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One of the blogposts that generated a lot of “Thanks, I needed that” responses from our readership was our 2022 post, “Remote Depositions in MDLs.”  For that reason, we have updated it by adding references to additional MDL orders on that subject that have been entered since early 2022.  We pay particular attention to MDL orders because, due to their stakes, every procedural jot and tittle is gone over with a fine-toothed comb.  The “litigate everything” mentality in MDLs produces the most comprehensive consideration of issues that arise in remote depositions generally.  We asked one of our crack legal assistants to look for additional MDL orders during this time frame to see what MDL transferee judges – advised by the parties – have had to say most recently about the conduct of remote deposition.

We start with the Manual for Complex Litigation, which unfortunately has not been updated since 2004.  It contains only an elementary discussion of remote depositions:

Telephonic or videoconferenced depositions can reduce travel costs.  Federal Rule of Civil Procedure 30(b)(7) allows the court to order or the parties to stipulate to taking a deposition “by telephone or other remote electronic means”. . . .  Through use of . . . videoconference, distant witnesses may be examined by counsel from counsel’s offices, with the court reporter located with the witness or, by stipulation, at one of the attorneys’ offices. . . .  Remote depositions are most often used for relatively brief examinations that do not involve numerous documents, but may also be used to reduce travel costs. . . .  To ensure that [witnesses] are not coached, ground rules should specify who may be present with the [witness] during the examination.

Manual for Complex Litigation (4th), at 86-87.  This commentary does recognize two of the issues we addressed in our prior post – difficulties with use of documents, and the need to prevent surreptitious coaching of witnesses being deposed.  The Manual also discusses general issues concerning the presentation of video depositions of any sort at trial.  See Id. at 144-45.  Also indicative of the trend towards taking depositions remotely, Moore’s Federal Practice was revised in 2023 to state that “leave to take depositions by remote electronic means should be liberally granted.”  7 Moore’s Federal Practice − Civil §30.24 (2023).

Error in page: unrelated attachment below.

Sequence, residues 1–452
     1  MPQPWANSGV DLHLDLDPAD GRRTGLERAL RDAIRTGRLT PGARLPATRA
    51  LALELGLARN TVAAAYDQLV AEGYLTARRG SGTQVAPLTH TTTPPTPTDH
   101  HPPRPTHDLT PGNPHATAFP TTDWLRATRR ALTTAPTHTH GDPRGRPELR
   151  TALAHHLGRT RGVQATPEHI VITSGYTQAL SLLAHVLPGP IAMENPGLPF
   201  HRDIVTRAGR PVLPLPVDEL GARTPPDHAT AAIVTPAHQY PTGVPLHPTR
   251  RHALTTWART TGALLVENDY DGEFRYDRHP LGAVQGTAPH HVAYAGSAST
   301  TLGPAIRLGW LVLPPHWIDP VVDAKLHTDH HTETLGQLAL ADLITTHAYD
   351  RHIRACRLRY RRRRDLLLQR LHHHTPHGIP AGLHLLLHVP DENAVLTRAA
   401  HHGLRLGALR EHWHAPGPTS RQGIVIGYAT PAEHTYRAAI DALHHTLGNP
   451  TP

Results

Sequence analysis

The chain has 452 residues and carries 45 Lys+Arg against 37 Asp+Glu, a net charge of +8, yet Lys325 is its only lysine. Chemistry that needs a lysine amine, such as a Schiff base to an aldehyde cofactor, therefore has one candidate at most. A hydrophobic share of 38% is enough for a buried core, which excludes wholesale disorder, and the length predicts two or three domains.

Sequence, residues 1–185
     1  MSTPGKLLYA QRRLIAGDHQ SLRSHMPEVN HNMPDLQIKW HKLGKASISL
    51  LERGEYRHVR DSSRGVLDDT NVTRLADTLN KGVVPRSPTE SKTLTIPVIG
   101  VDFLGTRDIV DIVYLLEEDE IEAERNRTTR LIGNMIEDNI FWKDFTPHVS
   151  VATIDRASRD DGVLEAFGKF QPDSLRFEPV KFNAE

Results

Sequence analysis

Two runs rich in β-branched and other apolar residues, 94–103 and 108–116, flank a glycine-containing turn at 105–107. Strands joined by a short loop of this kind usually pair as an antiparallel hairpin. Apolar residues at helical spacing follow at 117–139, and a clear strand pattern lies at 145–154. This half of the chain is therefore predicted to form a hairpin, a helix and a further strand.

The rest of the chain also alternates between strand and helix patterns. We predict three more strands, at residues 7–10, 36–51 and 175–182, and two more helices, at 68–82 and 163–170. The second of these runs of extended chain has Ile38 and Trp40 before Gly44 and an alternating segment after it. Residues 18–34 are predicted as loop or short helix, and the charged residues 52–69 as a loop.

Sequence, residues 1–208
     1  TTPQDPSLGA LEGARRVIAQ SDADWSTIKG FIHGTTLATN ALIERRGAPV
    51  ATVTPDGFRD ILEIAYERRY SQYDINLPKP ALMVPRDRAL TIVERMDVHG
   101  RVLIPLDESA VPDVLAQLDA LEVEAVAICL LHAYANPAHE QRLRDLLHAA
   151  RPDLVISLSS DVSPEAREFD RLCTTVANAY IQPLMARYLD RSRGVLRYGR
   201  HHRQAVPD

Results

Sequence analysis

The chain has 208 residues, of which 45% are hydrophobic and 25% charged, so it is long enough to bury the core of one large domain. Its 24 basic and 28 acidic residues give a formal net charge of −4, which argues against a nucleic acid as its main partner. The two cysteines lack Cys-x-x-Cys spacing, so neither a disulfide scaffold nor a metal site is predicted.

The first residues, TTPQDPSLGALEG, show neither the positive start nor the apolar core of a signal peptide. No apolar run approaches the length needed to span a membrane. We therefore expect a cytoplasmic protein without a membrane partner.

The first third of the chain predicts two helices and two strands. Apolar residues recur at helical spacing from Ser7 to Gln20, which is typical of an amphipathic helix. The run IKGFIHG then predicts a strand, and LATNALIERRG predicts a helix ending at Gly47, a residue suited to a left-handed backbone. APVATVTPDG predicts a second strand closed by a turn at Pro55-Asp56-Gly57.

We also point out, but do not attempt to resolve, the most significant point of contention concerning remote depositions, which so far has involved trial depositions only − whether they can be used to make the 100-mile radius requirement of Fed. R. Civ. P. 45(c) disappear.  The only appellate court to weigh in, the Ninth Circuit in In re Kirkland, 75 F.4th 1030 (9th Cir. 2023), which we previously discussed here, held that the 100-mile limit stands unless and until Rule 45(c) is amended, and therefore remote trial depositions can only occur by the consent of both sides:  “[A] person cannot be required to attend a trial or hearing that is located more than 100 miles” away.  Id. at 1042.

[W]e conclude that despite changes in technology and professional norms, the rule governing the court’s subpoena power has not changed and does not except remote appearances from the geographical limitations on the power to compel a witness to appear and testify at trial.

Id. at 1051-52 (quashing trial subpoenaes that violated 100-radius requirement).

Most courts agree with Kirkland that remote “attendance” is still attendance subject to Rule 45(c)’s limitations. 

If this provision is construed to mean that a person residing anywhere (at least anywhere within the United States) can be compelled to provide testimony by videoconference from a spot (with videoconferencing capabilities) within 100 miles of their home, that would mean virtually everyone in the United States could be compelled to ‘attend’ trial in this manner.